Online distribution hits magazine prices

Electronic distribution is impacting magazine prices. Below is a table of prices for a sample of popular magazines. Data were obtained for printed magazines delivered to your doorstep from and compared to prices from Zinio, which sells electronic magazines viewable on your computer, ipad or other device. Annual subscription prices were normalized by dividing by the number of issues per year included in the subscription.

You can download the spreadsheet here.

The Dead Tree Premium

It generally costs much more per issue to subscribe to printed magazines than to the electronic version of the same magazine. For example, a printed issue of Macworld Australia costs AUD7.33, which is 1.6 times more expensive than the electronic version costing AUD4.47. This “dead tree” premium ranges from a low of 1.3 for National Geographic to an astronomical 44.8 for Elle. A single printed issue of Elle costs the same as 3.7 years worth of electronic issues! Moreover the electronic subscription arrives immediately while the printed version may take days or weeks to be delivered, especially for overseas magazines.

Printed magazines may continue to sell as an “impulse purchase” at supermarket checkouts and news stands, or to collectors. However, I cannot imagine that the annual subscription model is sustainable at such high premiums for the general public.

US versus Australian Electronic Pricing

An interesting pattern arises when comparing the prices of electronic magazines in the Australian Zinio store with that of the same company’s US store. Some online retailers have been known to discriminate on pricing for their Australian stores. However, for the most part magazine prices are the same whether you buy them from the US or Australian Zinio store. For those of us Down Under, there has never been a better time to consume such media.

Notable exceptions are New Scientist, The Economist and National Geographic, which cost 1.85 times, 2.23 times and 2.36 times more in the Australian online store than in the US store, respectively.

National Geographic and The Economist

National Geographic and The Economist are both attempting to price discriminate. They are asking the highest amount for an Australian electronic subscription relative to the US one (AUD44.25 versus USD19.99 per year for National Geographic, and AUD266 versus USD126.99 per year for The Economist). Both are still cheaper than the printed versions, but not by very much (AUD 59 for the Geographic and USD365 for The Economist).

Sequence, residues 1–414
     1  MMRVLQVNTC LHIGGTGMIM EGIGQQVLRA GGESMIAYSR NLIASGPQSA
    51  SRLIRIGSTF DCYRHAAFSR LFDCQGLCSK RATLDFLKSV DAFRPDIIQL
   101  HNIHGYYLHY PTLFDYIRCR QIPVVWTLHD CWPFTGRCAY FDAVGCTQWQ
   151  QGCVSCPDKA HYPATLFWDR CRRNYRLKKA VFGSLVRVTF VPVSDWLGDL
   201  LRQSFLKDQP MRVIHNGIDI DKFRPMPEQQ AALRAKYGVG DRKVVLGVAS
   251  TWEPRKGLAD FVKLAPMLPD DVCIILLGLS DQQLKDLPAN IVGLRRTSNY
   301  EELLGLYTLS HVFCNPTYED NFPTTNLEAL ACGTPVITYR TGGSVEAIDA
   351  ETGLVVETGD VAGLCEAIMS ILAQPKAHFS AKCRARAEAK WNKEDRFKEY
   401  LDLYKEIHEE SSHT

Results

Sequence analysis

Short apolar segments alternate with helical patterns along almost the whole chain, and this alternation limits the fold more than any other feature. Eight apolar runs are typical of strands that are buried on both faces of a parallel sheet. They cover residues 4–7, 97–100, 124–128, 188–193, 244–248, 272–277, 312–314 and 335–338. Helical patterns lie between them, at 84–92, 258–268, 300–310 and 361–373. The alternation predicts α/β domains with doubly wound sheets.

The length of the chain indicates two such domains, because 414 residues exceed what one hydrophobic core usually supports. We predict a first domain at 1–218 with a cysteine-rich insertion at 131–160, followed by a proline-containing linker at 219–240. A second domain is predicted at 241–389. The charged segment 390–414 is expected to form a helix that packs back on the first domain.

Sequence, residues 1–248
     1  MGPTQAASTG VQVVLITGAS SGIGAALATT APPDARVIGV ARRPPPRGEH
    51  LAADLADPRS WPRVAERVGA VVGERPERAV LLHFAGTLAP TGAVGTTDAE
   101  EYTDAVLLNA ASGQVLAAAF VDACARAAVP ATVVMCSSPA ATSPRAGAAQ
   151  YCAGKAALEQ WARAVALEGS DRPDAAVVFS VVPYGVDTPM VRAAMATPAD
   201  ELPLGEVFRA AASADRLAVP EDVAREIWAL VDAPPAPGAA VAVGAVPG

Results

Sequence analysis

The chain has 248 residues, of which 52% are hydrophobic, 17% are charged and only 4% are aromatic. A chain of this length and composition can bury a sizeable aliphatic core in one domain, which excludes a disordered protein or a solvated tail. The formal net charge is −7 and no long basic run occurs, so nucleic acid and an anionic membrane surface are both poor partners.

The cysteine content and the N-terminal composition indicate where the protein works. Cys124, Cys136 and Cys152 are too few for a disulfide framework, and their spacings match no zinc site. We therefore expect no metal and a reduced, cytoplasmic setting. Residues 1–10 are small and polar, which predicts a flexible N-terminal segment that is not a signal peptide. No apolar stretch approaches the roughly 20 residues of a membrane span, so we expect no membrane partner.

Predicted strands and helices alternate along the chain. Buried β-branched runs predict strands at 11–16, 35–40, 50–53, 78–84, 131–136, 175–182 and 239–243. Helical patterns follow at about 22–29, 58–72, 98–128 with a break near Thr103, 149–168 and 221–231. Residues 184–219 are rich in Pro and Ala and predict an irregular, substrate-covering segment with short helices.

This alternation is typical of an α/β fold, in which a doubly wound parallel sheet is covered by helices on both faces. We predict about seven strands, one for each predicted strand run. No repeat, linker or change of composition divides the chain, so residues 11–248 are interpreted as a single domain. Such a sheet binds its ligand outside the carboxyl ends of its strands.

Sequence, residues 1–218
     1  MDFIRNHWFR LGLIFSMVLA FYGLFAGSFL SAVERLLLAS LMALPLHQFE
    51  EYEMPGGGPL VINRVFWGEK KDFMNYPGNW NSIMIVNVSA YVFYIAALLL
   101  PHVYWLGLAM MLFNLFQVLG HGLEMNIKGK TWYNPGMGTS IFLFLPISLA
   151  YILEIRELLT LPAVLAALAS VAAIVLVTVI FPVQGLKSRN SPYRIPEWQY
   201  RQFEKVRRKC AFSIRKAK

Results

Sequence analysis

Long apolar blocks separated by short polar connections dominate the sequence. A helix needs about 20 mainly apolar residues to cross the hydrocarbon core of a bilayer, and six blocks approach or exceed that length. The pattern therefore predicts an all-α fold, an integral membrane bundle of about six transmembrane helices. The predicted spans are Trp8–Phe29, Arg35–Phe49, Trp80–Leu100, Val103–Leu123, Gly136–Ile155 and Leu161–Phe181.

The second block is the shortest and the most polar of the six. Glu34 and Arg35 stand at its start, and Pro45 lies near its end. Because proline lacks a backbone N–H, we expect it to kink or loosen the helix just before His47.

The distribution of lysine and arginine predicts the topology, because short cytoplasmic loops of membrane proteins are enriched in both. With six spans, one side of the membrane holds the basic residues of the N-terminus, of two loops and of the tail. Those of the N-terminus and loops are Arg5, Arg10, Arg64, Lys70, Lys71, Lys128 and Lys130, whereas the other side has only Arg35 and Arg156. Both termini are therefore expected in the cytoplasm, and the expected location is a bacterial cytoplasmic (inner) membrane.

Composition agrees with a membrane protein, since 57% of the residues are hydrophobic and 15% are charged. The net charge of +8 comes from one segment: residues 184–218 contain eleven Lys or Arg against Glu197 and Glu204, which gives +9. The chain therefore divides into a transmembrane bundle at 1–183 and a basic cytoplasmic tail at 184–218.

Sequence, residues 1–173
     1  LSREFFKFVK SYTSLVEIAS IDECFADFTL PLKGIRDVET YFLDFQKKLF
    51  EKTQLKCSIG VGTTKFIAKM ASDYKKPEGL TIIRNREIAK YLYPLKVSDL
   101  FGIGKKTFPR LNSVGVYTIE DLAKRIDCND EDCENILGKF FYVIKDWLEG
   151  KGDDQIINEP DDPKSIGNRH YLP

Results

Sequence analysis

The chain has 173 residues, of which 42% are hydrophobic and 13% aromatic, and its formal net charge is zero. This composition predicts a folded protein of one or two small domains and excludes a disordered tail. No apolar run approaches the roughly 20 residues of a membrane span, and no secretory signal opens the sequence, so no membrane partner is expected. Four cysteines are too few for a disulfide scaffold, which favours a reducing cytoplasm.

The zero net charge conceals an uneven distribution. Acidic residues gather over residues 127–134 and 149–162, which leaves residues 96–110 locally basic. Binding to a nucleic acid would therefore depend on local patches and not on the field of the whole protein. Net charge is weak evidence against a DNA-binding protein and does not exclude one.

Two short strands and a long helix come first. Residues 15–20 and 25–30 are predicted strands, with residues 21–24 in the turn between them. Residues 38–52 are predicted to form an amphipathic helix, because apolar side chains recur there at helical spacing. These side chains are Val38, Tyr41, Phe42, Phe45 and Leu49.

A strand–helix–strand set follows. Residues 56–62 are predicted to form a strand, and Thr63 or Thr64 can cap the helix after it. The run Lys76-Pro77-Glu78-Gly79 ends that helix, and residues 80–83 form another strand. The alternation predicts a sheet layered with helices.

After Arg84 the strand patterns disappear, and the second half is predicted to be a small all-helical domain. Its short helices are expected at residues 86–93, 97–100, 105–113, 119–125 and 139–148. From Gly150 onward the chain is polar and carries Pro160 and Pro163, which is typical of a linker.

I wonder if they will continue to be able to extract additional surplus from Australian consumers. In both cases, the magazines are relatively unique, so perhaps there subscribers are less likely to switch to something else. Or perhaps their high pricing is temporary… there are lots of inexpensive magazines to read and a ton of websites and blogs to visit that offer interesting free content. One difficulty both firms will face is that their audience is relatively sophisticated and will become increasingly annoyed when they click the “renew” button to find that their subscription does not qualify for the much cheaper US price (sample screenshot). It was easier to justify higher Australian prices for printed magazines as being due to transportation and distribution costs. But in this case, they are distributing exactly the same electronic file, and via the same distributor. Too much of a gap between the US and Australian prices will lead to a temptation to find workarounds, as has been the case with other online retailers.


Bait and Switch

News from Singapore this week made it all over the internet. A group of five diners were charged S$1224 (AUD1039) for a steamed fish at the new Resorts World casino. They had earlier ordered a different fish (which was presumably less expensive) but the waiter suggested a substitute without identifying the price. The diners later complained and received a 15% discount. But there are lots of people complaining online that the fish usually costs $6 per 100grams instead of the $60 per 100g charged by the restaurant.